SEVERNE GATOR 5.7M 2017 TEST REVIEW
Classed as their ‘progressive freeride’ sail, the Gator range is undoubtedly one of the largest around, with 14 sizes stemming from 3.7m to 8.0m. Aiming to maintain a soft plug and play feel throughout the series, the brand refers to its longstanding concept of “progressive geometry” as you move through the sizes, the smaller possessing a higher cut foot and more wave-oriented stance, whilst the larger have a lower cut foot for more power and efficiency. Using x-ply throughout, the Gator adopts many of the refinements of its 2017 wave sail siblings, such as seamless head and foot panels, to eliminate any chance of seam degradation and reduce weight.
A Spiderfibre tendon is incorporated across the main panel to improve foil stability, whilst the sail also possesses a triangular Dacron luff panel to soften the power delivery.
“The core principles are durability, manoeuvrability and a consistent feel across all sizes. Every size is designed to echo the demand of the aggressive freeride rider no matter what the wind conditions. Batten count is optimised for every size to maintain a consistently soft feel and stability.”
The moment you start using the Gator, there is one key attribute that stands out above all else: it is just so light and balanced in the hands. The centre of effort is locked forwards, yet relatively high in the draft, allowing the sail to adopt any stance, from upright and cruising to locked in and blasting. As the wind increases and the pressure builds, the Gator pulls positively through both hands and accelerates the board efficiently. The power delivery is smooth and progressive thanks to the stretch in the Dacron luff panel, with the additional benefit of tempering any harsh feedback whilst travelling over sharp chop. As the wind builds further, the Gator copes superbly on one setting, the leech twisting harmoniously whilst the profile remains forward. But it’s the fact that nearly none of the increased pressure is felt through the backhand that seems to defy logic and convention. The Gator remains wonderfully neutral, complimenting this 5.7m’s high cut foot and smooth batten rotation to make it effortless in transition, powering progressively once again on the new tack. In fact, the only thing we would say is that the handling is so easy and balanced that we found ourselves hunting for gusts and more feedback when testing in drag-race mode. As such, larger riders that crave forceful feedback through the backhand may be well served to look at other options in the Severne range – the Blade for manoeuvres or the NCX for straight-line work. For everyone else, the smooth flowing handling of the Gator is a blessing.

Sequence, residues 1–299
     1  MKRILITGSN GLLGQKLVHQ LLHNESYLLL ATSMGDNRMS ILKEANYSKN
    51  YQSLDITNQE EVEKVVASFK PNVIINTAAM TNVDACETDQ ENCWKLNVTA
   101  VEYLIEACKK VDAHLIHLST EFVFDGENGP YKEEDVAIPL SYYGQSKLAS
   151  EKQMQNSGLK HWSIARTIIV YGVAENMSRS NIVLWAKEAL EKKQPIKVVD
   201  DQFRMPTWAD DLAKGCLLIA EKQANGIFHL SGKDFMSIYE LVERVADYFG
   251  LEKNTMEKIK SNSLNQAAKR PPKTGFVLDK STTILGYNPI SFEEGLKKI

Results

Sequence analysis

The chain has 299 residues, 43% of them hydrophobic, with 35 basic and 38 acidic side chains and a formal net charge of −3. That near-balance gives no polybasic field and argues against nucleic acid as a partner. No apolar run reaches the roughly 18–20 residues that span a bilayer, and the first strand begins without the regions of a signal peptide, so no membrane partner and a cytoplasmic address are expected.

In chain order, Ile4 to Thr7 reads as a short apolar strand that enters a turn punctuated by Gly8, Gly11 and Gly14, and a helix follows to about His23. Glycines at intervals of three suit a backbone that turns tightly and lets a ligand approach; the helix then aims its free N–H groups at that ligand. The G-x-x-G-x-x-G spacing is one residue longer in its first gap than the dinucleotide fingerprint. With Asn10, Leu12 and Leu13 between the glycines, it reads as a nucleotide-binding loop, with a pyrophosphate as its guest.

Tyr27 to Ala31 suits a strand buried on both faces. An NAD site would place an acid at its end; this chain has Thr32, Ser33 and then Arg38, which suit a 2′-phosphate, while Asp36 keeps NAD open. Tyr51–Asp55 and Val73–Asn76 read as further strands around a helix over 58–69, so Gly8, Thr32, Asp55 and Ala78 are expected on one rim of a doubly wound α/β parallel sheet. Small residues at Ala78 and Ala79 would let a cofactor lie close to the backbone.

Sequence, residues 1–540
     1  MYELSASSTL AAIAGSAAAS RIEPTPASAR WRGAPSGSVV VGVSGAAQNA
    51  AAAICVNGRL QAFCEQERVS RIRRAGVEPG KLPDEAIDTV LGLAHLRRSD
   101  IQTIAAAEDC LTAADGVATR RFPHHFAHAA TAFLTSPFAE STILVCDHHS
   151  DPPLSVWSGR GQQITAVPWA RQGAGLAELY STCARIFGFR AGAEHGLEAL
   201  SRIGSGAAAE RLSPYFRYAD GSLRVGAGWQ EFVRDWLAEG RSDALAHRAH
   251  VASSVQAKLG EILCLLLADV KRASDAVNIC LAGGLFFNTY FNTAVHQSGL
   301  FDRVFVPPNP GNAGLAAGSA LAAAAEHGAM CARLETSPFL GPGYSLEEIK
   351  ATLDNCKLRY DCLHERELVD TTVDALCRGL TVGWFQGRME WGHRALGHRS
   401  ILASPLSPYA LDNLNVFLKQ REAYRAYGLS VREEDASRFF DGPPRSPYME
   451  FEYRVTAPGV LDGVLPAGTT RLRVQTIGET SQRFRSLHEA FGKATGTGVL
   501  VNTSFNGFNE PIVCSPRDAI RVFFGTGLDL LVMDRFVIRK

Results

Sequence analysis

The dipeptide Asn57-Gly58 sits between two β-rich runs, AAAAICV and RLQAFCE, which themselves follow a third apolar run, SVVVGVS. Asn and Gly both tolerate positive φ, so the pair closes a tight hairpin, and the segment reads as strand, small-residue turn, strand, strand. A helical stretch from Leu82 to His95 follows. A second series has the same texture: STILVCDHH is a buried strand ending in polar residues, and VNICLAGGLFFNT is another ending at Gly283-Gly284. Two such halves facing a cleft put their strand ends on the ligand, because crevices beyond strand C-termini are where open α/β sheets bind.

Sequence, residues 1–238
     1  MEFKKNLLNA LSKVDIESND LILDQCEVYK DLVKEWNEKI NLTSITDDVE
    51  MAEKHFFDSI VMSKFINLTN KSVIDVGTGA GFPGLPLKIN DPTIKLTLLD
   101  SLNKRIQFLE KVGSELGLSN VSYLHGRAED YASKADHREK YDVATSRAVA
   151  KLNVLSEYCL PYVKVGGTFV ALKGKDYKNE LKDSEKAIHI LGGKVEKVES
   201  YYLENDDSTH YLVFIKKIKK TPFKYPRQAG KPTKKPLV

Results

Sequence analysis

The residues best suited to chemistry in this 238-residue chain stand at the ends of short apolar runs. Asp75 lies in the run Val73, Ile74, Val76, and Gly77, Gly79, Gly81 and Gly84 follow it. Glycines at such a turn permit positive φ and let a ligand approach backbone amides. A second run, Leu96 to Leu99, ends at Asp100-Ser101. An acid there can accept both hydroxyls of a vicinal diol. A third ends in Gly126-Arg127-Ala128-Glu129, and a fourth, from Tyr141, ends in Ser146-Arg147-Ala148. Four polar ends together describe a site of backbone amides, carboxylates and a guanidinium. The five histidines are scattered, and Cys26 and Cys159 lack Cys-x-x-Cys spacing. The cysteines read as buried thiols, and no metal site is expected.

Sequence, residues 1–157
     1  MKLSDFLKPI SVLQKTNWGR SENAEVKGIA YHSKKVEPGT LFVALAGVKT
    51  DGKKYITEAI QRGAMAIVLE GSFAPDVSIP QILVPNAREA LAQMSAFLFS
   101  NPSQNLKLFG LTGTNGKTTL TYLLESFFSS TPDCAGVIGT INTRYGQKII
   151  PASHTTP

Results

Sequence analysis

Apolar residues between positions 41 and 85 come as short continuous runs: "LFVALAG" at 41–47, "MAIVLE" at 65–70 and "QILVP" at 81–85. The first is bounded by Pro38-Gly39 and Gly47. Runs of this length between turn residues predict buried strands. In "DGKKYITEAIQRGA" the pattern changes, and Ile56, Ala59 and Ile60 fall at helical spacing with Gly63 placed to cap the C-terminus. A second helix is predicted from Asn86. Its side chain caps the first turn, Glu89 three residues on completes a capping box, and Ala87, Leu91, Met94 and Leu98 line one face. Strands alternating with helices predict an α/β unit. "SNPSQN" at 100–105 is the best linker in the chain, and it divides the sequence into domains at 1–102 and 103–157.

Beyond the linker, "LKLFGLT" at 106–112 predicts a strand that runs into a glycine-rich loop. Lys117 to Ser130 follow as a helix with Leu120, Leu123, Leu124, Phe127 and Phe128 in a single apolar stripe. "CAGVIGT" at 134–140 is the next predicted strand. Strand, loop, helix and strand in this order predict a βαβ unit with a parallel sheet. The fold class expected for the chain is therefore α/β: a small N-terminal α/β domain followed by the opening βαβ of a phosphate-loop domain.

A good-looking sail, with the performance to match, the Gator is easy to rig and even easier to sail, providing the manners to cope with any environment. A manoeuvre-oriented recreational sailor’s best friend, at £579.00 it represents excellent value for money.
Other sails in this test: